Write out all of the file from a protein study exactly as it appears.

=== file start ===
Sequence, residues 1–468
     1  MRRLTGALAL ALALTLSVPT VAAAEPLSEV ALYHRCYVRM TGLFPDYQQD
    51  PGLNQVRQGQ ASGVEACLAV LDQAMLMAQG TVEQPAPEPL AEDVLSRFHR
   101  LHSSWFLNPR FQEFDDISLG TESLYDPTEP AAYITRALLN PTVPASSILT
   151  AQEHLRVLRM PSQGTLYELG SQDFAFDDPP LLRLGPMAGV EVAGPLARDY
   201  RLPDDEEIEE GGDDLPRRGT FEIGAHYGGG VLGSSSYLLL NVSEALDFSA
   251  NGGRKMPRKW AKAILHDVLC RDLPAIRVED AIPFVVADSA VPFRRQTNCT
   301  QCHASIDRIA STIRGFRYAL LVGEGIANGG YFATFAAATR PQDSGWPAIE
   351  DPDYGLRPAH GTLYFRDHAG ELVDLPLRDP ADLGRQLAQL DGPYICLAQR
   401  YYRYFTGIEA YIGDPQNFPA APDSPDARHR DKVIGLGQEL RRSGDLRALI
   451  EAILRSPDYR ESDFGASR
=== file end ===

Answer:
Sequence, residues 1–468
     1  MRRLTGALAL ALALTLSVPT VAAAEPLSEV ALYHRCYVRM TGLFPDYQQD
    51  PGLNQVRQGQ ASGVEACLAV LDQAMLMAQG TVEQPAPEPL AEDVLSRFHR
   101  LHSSWFLNPR FQEFDDISLG TESLYDPTEP AAYITRALLN PTVPASSILT
   151  AQEHLRVLRM PSQGTLYELG SQDFAFDDPP LLRLGPMAGV EVAGPLARDY
   201  RLPDDEEIEE GGDDLPRRGT FEIGAHYGGG VLGSSSYLLL NVSEALDFSA
   251  NGGRKMPRKW AKAILHDVLC RDLPAIRVED AIPFVVADSA VPFRRQTNCT
   301  QCHASIDRIA STIRGFRYAL LVGEGIANGG YFATFAAATR PQDSGWPAIE
   351  DPDYGLRPAH GTLYFRDHAG ELVDLPLRDP ADLGRQLAQL DGPYICLAQR
   401  YYRYFTGIEA YIGDPQNFPA APDSPDARHR DKVIGLGQEL RRSGDLRALI
   451  EAILRSPDYR ESDFGASR